by Treopia Green Washington
July 20, 2020
Last week marked the passing of a true hero – a “Gentle Giant”, whose imprint on this country far exceeded his physical size.
Congressman Lewis was linked, with my family, in many ways. Those links are directly related to my brother, Ernest Green, and his experiences as one of the “Little Rock Nine”. These were the nine students who successfully, through pain and anguish, integrated Little Rock Central High School, in 1957. Ernest was the only senior among the “Nine”, and thus, at the end of that horrific year, became Central High’s first black graduate.
Ernest first met John Lewis, during the 60 ‘s Civil Rights Struggle. Mr. Lewis, whose experiences are well documented, told Ernest that he was inspired by the endurance and fortitude, demonstrated by Ernest, during the 1957 integration Crisis at Central High School.
In 2007, during the 50th Anniversary Celebration of the 1957 Integration Crisis, the National Park Service dedicated the new, Little Rock Central High School Historic Site. The keynote speaker for the dedication of this new museum – Congressman John Lewis.
Fast forward to the spring of 2019. I received a call from a Hartford, CT teacher, Joe DePasqua, whom I remember talking with, at the 60th Anniversary Celebration of the ’57 Crisis, in 2017. He explained that five of his Middle School students were entering the National History Contest. These students, from the Montessori Magnet School, were: Saoirse Noyes, Walter Vallecillo, McKenna Semerano, Marlon Vallecillo, and Luis Nunez. Their topic – the Little Rock Central High School 1957 Integration Crisis; and, they wanted to interview me. Of course, I was delighted to help. After several telephone discussions, this original dramatization, “Paying a Price for Education”, was completed. The entry won first place in the Hartford regional contest. Next, it won second place in the Connecticut state contest, which qualified them to enter the National History contest. That competition was held, last summer, at the University of Maryland. The really, exciting news, however; was the invitation from Congressman John Lewis, to perform the entry, for him, at his office! I was invited, with my son, to attend the event, as special guests.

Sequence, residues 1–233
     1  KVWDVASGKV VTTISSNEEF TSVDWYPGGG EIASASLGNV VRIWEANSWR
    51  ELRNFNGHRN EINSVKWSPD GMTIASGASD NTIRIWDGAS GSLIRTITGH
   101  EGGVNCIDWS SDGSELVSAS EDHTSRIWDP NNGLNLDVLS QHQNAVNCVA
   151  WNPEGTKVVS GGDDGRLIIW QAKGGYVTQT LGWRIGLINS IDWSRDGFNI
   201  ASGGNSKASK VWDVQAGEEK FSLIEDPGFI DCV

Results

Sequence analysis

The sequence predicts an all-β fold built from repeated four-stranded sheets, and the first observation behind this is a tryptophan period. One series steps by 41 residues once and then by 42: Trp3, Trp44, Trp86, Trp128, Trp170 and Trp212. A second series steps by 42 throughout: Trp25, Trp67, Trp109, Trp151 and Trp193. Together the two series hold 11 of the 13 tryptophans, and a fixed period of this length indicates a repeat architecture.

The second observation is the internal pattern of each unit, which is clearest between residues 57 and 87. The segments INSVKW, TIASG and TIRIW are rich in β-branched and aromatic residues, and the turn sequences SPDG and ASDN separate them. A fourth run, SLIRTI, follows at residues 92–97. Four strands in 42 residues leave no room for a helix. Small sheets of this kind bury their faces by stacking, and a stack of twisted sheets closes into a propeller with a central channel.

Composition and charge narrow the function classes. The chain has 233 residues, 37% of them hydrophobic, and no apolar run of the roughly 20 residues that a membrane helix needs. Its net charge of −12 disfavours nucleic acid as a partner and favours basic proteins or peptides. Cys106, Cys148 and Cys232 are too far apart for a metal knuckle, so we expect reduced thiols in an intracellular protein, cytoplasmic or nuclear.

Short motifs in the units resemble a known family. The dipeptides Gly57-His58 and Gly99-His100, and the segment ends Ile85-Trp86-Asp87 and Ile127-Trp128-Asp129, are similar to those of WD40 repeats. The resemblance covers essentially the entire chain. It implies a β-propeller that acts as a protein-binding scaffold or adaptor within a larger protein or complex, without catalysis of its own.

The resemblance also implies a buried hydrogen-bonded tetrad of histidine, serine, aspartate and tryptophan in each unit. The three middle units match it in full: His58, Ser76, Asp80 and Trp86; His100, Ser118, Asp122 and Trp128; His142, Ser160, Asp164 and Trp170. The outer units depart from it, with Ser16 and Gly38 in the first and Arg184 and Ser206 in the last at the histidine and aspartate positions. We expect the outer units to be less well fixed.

On the day of the presentation, Congressman Lewis arrived at his office, after casting a vote in the House. He then invited us into his conference room. Truly memorable, was his command to his entire staff, to stop whatever they were doing and come to the presentation. Several staffers mentioned work that needed to be done, but the Congressman insisted that this was more important, and was something they needed to learn about.
The students did an awesome job; in fact, almost brought me to tears. After the production, we were invited to take several pictures with Congressman Lewis. I will treasure mine forever. The Congressman then inquired about my brother, Ernest, and asked that I let him know he asked about him.
John Lewis was truly a “Gentle Giant”. I will always remember him as one whose humility and grace are as memorable as his outstanding contributions to the pursuit of equity and equality, for the citizens of this country.